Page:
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Must You Go?: My Life with Harold Pinter

3.53 of 5 stars 3.53  ·  rating details  ·  687 ratings  ·  185 reviews

A moving and exquisite testament to one of the literary world’s most celebrated marriages: that of the greatest playwright of our age, Harold Pinter, and the beautiful and famous prize-winning biographer Antonia Fraser.

Based on Fraser’s recollections and the diaries she has kept since October 1968, Must You Go? is the story of a thirty-year marriage, beginning with their i
Paperback, 384 pages
Published October 4th 2011 by Anchor (first published 2010)
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(showing 1-30 of 1,538)
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Petra X
Memoir of a marriage between two people at the top of the literary game who had spouses, six children between them when they met, but cared more for each other than them. After their first meeting Pinter said to the author, "Must you go?" and the lust became an affair became marriage. 33 years of being in love, not just loving.

True love sometimes involves hurting others, when should we do our duty and when should we be true to ourselves? Antonia Fraser never addresses this or any other question
Jenny Brown
Real Housewives of Literary London.

I have rarely been this disappointed in a book. If reading a daytimer gets you off, you'll love it. But if you want to know what people were thinking and feeling while committing adultery, leaving their 6 kids behind, and dining with the rich famous, you're out of luck.

The author gives us no insight into why she fell so in love and her behavior comes across as selfish and blind to the needs of others. She drops names without any explanation of who they might be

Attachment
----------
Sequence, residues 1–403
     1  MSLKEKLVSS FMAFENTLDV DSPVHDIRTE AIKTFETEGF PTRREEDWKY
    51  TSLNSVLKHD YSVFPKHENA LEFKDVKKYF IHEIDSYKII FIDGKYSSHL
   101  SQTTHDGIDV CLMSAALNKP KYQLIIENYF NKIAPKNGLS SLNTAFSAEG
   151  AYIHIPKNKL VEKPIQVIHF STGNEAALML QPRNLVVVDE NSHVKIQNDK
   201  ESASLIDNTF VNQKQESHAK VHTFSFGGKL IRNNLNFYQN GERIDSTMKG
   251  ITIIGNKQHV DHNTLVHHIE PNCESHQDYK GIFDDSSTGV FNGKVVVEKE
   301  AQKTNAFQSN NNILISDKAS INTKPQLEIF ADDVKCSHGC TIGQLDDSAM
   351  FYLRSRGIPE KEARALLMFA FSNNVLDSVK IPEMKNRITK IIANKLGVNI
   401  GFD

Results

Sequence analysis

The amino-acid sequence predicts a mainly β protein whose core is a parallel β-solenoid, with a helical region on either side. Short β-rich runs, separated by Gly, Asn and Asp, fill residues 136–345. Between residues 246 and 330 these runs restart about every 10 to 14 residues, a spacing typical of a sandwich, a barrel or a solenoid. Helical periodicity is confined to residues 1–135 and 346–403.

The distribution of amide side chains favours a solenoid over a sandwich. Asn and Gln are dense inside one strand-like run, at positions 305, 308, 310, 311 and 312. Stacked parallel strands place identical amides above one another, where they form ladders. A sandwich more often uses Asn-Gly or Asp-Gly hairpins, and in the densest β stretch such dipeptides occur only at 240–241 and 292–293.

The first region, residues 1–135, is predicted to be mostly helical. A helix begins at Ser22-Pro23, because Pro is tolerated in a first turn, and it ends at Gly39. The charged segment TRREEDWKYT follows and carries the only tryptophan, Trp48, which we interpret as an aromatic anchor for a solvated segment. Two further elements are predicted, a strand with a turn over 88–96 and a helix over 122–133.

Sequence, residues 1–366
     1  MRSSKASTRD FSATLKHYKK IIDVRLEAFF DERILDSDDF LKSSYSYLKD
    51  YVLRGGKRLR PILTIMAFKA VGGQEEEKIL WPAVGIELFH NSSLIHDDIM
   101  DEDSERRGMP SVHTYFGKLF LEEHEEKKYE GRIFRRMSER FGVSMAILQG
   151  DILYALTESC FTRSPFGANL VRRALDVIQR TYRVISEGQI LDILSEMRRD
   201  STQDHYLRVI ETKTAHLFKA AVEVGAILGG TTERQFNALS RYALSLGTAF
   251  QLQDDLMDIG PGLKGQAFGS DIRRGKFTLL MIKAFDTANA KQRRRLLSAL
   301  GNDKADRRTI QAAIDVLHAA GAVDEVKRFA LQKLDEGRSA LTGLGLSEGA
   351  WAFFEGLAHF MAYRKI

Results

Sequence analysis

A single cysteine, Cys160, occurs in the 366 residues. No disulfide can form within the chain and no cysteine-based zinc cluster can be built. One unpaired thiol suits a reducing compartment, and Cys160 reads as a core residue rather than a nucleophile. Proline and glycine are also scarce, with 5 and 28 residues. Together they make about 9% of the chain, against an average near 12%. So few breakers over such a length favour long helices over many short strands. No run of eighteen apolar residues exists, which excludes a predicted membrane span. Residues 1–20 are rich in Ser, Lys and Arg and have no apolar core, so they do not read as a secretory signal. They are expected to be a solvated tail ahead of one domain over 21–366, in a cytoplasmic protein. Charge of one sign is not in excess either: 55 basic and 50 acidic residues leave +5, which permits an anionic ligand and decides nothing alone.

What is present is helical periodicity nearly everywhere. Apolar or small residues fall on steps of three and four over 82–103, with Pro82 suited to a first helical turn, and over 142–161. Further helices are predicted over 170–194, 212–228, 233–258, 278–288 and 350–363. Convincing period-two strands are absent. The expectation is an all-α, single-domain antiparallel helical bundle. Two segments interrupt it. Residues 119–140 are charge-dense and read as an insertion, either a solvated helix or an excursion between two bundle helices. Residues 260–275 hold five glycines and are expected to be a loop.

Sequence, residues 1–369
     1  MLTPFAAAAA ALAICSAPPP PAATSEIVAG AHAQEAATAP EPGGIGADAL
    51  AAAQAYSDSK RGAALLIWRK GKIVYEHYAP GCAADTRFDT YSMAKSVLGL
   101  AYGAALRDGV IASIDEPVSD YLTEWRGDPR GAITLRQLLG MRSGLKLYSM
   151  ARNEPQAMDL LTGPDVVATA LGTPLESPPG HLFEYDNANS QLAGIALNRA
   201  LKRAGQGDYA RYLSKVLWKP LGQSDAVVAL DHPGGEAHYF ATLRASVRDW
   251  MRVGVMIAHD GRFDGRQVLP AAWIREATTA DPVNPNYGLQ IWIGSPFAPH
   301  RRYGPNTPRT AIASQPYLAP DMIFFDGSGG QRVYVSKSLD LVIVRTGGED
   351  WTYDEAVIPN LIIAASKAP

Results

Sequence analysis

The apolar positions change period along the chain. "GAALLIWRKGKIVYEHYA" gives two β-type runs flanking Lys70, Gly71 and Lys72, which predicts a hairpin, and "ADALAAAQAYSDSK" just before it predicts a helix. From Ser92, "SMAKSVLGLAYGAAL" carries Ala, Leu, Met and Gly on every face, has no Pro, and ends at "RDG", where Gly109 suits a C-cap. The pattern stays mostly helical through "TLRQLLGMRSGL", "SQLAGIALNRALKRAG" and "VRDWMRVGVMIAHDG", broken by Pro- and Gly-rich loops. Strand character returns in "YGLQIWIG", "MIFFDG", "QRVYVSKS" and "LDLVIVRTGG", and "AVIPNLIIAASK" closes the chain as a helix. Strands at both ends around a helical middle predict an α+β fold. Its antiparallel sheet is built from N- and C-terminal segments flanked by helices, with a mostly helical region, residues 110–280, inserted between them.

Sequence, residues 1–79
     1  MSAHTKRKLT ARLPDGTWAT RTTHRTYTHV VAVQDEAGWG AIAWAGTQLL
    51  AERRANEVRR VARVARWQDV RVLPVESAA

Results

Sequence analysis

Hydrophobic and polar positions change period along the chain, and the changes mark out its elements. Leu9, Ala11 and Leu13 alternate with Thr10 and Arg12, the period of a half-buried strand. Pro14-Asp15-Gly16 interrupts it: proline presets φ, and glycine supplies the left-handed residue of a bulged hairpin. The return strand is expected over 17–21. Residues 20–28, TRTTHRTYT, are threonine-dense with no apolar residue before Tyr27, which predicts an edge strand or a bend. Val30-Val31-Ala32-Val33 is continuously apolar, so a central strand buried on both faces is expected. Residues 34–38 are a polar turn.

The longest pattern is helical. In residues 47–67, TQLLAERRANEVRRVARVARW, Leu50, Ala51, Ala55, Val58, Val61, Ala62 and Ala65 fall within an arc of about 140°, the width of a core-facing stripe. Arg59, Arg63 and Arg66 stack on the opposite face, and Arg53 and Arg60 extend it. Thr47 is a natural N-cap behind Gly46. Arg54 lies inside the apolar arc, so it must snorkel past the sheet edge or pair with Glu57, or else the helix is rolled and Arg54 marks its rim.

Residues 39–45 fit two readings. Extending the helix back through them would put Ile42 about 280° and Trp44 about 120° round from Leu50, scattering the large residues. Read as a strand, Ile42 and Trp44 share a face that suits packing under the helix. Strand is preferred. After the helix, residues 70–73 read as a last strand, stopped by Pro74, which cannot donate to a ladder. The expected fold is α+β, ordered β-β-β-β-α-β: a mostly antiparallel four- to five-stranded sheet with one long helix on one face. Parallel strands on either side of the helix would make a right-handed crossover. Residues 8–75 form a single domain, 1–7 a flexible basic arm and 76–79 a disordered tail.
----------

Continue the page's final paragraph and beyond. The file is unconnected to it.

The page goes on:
Fred Moramarco
Hemingway wrote somewhere that when two people are deeply in love, it is
Inevitable that their story will end in tragedy, since one will quite likely out-
live the other. I've been thinking about this recently because in the last few years I've read a handful of books by widows who were in deeply reciprocated love relationships and who write about those relationships in retrospect with great affection and a deep sense of loss. These books include Joan Didion's The Year of Living Dangerously, Sandr
Kasa Cotugno
Who can resist a rollicking, passionate love story, but even more so, when the characters are vital, alive and have so many dimensions as this karmic couple. Antonia Fraser and Harold Pinter are level headed, famous and accomplished, married quite happily to others, when they meet in 1975 and are immediately transfixed, experiencing an instant magnetism that blazes off the page. The words in the haunting title, "Must You Go," were actually spoken from him to her that fateful night following an o ...more